It was following June that the LGBT movement took to the streets with an anti-fascist impulse against Marcos Feliciano. It was after June that a wave of strikes set in motion teachers and even firefighters. June gave power to the environmentalist and indigenous movements. A Ninja Media won a mass audience denouncing the violence of repression by the Military Police. June paved the way for the formation of a new generation of left-wing activists.

The dominant meaning of the June Days, despite being very tumultuous, was complex. The overwhelming majority of the posters were restricted to the limits of democratic demands, but they were progressive: “if the people wake up, they won't sleep! It's no use shooting, ideas are bulletproof! It's not for pennies, it's for rights! Put the tariff on FIFA's account! You'll see that your son doesn't run away from the fight! If your child gets sick, take him to the stadium! Ô fardado, you are also exploited!”

To be dazzled by the strength of the marches and not to know their limitations would be myopia. Viewing the dimension of these three weeks of struggles with skepticism, that is, perceiving only their inconsistencies, too. There are three responses on the Brazilian left to this crucial question. Which one was confirmed in the “laboratory” of history? The way out of the “labyrinth” of the reactionary situation in which we still find ourselves, after six and a half years since the impeachment of Dilma Rousseff, four of the Bolsonaro government, depends, to some extent, on a correct answer.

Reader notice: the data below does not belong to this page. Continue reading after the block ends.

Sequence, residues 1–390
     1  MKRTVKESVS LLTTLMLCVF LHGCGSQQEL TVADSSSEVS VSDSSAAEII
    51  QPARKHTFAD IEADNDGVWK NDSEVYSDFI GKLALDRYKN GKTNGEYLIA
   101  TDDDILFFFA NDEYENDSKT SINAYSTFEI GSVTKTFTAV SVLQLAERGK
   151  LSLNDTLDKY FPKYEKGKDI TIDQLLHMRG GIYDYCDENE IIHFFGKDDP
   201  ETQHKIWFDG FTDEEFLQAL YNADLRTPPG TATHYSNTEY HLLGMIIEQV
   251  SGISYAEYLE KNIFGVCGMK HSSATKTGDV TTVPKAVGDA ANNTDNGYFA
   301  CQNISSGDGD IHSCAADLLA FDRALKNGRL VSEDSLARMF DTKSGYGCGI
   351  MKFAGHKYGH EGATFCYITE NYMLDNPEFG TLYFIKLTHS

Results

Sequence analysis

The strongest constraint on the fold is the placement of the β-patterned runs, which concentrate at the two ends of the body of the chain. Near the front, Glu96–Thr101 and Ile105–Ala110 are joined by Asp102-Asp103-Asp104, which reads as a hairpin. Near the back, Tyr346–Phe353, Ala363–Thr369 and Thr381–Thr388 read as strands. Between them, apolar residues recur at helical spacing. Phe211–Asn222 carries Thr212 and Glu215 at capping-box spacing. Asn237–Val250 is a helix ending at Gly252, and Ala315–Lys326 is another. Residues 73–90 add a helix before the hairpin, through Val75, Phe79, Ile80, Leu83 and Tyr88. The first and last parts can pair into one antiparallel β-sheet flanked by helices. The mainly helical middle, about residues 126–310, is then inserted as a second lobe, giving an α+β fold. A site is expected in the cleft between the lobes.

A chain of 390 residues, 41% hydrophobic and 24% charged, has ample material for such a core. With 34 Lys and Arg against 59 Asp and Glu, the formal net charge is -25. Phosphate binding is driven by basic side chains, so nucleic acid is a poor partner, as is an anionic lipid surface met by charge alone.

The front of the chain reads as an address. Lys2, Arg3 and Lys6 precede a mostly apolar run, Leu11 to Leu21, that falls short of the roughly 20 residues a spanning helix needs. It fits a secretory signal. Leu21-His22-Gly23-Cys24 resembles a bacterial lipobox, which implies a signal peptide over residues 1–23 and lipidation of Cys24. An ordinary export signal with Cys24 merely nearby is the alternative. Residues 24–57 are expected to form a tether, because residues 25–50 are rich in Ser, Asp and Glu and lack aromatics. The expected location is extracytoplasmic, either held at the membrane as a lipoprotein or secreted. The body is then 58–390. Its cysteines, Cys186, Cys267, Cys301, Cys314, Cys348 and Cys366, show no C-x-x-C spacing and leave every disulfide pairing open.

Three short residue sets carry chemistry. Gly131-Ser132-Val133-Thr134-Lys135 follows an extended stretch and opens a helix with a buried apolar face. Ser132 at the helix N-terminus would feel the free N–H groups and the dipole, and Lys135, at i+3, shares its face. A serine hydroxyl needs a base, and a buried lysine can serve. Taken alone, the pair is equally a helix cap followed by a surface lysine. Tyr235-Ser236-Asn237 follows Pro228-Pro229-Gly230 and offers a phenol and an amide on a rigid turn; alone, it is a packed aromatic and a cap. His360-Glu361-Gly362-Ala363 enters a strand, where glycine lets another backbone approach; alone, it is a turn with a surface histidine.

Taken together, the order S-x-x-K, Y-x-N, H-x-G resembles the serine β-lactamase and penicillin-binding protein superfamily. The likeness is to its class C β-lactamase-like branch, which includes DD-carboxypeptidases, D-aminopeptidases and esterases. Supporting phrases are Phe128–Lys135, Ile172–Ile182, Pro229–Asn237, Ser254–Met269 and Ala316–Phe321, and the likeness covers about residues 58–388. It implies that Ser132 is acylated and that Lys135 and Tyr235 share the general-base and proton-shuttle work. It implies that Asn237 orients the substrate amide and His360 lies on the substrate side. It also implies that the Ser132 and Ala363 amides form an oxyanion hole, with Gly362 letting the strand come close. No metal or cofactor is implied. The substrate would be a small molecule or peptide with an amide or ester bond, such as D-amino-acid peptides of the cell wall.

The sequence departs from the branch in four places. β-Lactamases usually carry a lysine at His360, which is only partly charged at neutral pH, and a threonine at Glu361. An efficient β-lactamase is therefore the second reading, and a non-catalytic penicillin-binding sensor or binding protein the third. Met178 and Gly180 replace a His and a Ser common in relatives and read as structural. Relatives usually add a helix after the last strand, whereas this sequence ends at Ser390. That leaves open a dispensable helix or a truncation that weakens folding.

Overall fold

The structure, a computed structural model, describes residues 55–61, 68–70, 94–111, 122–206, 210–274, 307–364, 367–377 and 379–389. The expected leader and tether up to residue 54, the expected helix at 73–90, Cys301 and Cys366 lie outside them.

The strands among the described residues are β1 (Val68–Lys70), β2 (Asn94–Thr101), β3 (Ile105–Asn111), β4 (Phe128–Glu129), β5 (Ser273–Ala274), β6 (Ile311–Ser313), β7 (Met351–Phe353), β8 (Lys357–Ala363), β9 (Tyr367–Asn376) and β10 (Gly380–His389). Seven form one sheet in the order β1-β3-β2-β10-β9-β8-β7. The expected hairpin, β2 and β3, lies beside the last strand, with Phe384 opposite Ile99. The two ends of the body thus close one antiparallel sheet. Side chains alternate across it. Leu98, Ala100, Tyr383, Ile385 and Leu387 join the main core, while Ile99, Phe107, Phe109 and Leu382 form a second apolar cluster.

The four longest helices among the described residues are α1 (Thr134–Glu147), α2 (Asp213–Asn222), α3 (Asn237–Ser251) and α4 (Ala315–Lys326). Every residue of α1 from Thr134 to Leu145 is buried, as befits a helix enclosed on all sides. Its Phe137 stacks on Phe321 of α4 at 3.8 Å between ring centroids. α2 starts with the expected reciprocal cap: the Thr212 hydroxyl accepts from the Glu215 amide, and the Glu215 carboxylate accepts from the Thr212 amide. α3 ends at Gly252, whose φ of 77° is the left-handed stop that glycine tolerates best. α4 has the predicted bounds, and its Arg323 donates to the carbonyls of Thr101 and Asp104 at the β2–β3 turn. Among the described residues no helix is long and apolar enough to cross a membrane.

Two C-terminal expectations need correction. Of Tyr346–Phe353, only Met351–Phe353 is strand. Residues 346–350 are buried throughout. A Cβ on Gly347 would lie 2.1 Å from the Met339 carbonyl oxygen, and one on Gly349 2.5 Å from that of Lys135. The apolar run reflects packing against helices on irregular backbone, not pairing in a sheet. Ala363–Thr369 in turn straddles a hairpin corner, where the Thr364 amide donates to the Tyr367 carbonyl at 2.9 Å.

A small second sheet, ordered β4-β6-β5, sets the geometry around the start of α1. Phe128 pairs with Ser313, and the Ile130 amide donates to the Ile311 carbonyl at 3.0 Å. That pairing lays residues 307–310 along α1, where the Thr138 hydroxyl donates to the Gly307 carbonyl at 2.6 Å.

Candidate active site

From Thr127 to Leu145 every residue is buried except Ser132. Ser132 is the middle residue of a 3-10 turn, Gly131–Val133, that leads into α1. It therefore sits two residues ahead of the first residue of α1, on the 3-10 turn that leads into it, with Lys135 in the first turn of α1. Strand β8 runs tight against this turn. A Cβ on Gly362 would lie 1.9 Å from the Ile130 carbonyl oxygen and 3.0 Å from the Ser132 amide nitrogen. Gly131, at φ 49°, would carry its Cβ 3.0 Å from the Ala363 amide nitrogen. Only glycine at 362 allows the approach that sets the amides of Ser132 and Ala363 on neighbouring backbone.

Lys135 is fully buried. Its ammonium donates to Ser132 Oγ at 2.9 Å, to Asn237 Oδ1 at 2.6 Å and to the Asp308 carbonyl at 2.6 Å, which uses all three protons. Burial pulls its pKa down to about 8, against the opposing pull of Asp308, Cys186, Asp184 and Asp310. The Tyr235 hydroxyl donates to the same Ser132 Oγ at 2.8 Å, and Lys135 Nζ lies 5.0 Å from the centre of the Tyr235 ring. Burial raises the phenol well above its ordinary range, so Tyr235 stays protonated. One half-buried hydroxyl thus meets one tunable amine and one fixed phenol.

The first answer is the one that sees the serpent's egg in the mobilizations opened in June 2013. June would be the seed for the extreme right to take to the streets, and the moment of an unfavorable reversal of the social balance of forces. He attributes to the June days a reactionary meaning because it would be the beginning of the offensive of the “conservative wave”, and its leadership could not be disputed by the left.

June 2013 would be the “heat up” of the “amarelinhos” mobilizations in March/April 2015 and 2016, a few million echoing “our flag will never be red”. But conspiracy theory is not good Marxism. Operation Lava Jato began almost a year later. June was not a “color” revolution manipulated by US imperialism. It was not a political operation led by the Globo network and the bourgeois media to try to overthrow the Dilma government. But it is true that the Globe made a 180 degree turn on the 20th of June, suspended even soap operas and, shamelessly, summoned them to the streets.